“We do not realise the amount of devastation abuse can unleash in a child until it happens to someone we know,” says Zoone Hasan Sultan, who, in 2018, initiated Tahaffuz – a child protection initiative by a non-profit organisation, Thali. “In Pakistan, efforts to tackle child abuse have often been taken as a reactionary – rather than preventative – approach. When something as catastrophic as Zainab case takes place, it causes us to momentarily sit up and take notice. But with time we forget everything since the storm never really reached our own turf,” she says.
Sultan is referring to the case that shook the country in 2018 when a girl child was abducted, raped and murdered by a serial killer in Kasur. Last Tuesday, police recovered remains of three children – raped and murdered – from sand dunes near Chunian Bypass. This unfortunate event has brought the issue of child abuse to the fore, once again. It has shown that these incidents are not one-off. They point towards an underlying issue that has remained unaddressed for long. According to a report by Sahil, a local NGO working for child rights, over 1,304 children were sexually assaulted in Pakistan within the first six months of 2019.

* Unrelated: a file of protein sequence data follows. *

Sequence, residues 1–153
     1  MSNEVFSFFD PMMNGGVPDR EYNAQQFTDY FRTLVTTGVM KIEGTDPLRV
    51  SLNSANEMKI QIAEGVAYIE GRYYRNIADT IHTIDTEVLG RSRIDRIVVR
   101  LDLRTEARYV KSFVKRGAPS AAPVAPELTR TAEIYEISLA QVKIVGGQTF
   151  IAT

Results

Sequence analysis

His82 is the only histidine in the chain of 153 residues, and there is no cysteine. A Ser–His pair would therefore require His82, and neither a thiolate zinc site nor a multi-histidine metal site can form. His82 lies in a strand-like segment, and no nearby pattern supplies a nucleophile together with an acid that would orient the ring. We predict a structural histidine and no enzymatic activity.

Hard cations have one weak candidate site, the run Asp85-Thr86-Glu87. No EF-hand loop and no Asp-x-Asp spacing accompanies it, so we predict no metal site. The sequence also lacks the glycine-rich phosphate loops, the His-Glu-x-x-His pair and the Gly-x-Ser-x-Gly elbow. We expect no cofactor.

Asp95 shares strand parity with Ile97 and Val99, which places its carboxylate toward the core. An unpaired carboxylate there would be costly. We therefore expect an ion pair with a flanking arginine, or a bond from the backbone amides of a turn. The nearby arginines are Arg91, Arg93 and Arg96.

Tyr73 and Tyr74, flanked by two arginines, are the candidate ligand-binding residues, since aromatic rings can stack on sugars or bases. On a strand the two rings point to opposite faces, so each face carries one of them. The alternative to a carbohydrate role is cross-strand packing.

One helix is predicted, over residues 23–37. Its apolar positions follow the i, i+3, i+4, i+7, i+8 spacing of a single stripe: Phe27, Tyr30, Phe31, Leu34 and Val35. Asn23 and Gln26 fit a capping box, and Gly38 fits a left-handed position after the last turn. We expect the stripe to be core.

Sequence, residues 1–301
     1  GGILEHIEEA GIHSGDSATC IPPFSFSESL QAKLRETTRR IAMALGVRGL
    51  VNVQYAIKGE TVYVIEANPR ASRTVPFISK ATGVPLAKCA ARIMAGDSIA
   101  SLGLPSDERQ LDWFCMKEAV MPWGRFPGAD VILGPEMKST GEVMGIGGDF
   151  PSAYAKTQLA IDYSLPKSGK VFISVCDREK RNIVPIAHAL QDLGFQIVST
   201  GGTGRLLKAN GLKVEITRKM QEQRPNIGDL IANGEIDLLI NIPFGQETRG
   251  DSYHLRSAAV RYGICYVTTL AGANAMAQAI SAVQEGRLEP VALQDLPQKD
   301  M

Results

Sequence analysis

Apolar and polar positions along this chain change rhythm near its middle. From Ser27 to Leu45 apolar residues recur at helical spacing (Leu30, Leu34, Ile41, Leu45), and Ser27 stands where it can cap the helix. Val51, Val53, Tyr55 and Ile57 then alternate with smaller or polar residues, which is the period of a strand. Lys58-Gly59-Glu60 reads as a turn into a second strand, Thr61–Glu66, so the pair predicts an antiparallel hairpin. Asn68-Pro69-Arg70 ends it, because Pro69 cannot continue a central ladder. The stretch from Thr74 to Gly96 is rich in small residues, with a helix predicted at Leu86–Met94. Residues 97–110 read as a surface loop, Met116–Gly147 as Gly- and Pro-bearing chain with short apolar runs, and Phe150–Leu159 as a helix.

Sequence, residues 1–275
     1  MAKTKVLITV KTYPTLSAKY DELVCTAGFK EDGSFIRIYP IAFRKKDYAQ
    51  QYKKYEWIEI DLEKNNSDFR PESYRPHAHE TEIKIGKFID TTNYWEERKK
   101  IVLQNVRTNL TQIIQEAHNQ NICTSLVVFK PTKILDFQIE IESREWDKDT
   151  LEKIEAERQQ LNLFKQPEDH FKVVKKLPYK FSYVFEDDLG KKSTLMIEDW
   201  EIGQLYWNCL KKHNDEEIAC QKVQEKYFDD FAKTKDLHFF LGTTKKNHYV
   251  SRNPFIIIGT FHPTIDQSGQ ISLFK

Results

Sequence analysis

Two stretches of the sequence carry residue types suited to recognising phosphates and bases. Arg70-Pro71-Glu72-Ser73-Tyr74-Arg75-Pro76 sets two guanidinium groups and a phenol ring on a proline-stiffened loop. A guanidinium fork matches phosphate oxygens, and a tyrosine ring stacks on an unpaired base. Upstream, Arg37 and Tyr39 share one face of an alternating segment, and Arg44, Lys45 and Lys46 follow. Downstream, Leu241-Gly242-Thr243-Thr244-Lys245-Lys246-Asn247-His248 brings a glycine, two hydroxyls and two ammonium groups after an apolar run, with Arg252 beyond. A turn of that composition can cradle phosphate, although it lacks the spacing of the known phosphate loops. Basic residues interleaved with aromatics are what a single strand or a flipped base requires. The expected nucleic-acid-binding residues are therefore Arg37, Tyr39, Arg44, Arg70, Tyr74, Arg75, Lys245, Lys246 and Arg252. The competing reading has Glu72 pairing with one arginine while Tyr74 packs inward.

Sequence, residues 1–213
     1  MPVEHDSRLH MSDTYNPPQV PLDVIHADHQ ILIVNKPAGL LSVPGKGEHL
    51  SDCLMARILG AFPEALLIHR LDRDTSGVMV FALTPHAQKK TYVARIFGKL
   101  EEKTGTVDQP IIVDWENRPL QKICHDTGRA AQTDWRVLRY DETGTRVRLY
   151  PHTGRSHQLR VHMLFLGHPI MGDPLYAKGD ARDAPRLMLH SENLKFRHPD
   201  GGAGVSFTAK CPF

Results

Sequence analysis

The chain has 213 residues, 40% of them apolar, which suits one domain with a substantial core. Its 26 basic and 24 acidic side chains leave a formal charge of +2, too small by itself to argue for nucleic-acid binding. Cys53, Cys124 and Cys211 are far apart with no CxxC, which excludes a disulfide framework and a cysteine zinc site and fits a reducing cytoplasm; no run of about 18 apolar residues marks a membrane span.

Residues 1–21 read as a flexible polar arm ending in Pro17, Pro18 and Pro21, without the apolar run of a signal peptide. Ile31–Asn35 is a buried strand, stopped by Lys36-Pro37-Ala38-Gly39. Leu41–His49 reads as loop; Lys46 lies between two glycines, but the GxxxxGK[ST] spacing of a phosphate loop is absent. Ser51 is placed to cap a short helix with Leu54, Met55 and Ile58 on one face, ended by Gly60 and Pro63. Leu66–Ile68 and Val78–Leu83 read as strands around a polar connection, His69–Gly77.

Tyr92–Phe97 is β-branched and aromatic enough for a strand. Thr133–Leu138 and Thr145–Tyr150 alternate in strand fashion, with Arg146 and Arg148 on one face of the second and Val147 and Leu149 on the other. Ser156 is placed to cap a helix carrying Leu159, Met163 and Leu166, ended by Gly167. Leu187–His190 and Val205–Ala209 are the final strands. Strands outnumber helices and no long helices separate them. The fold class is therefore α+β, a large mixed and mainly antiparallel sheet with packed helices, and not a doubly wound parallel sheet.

With the number of sexual abuse cases growing throughout the country, it is imperative for parents and caregivers to try to identify and address the warning signs of abuse before the situation escalates into something utterly disastrous.
“Most commonly associated signs with child abuse are bed wetting, promiscuous behaviour and profanity,” says Saira Aziz Khan, a licensed psychotherapist from California who has been working as a psychologist in Pakistan for a few years now. “Keep a close check on how children communicate with friends, whether or not they are using words or expressions not commonly used in your household.”
Khan says that if the presence of any adult is causing a marked difference in their behaviour, it might be an indicator of abuse. Among other signs are a sudden drop in grades, increasing temper tantrums, having trouble sitting, bruising around genital areas or the presence of UTIs. “In all such cases, there is a sudden development of self-esteem and anxiety issues in the child.”
She says that in most cases the abused child will know that there’s something wrong, but may not be able to understand or express it properly. “In this case, children will often try to replicate the abuse scenario with their peers.”
“Children who are being abused will quite often unknowingly threaten other children at school with the same kind of abusive behaviour,” says Aleesha [name has been changed upon request], owner of a private school. “Older kids will handle it by describing their own experience as something that’s happening to a friend or someone they know.” She says that abused kids portray the trauma they’re facing in different ways at school. “Sometimes they draw what they’re feeling. Other times, they would write something that depicts their emotions. Or they will be overly aggressive.”
The list is not exhaustive. All children are unique and hence react differently to a thing as severe as abuse. Parents need to be vigilant, look out for the telltale signs of abuse and take necessary steps to tackle the situation as soon as they feel something is off about their children’s behaviour.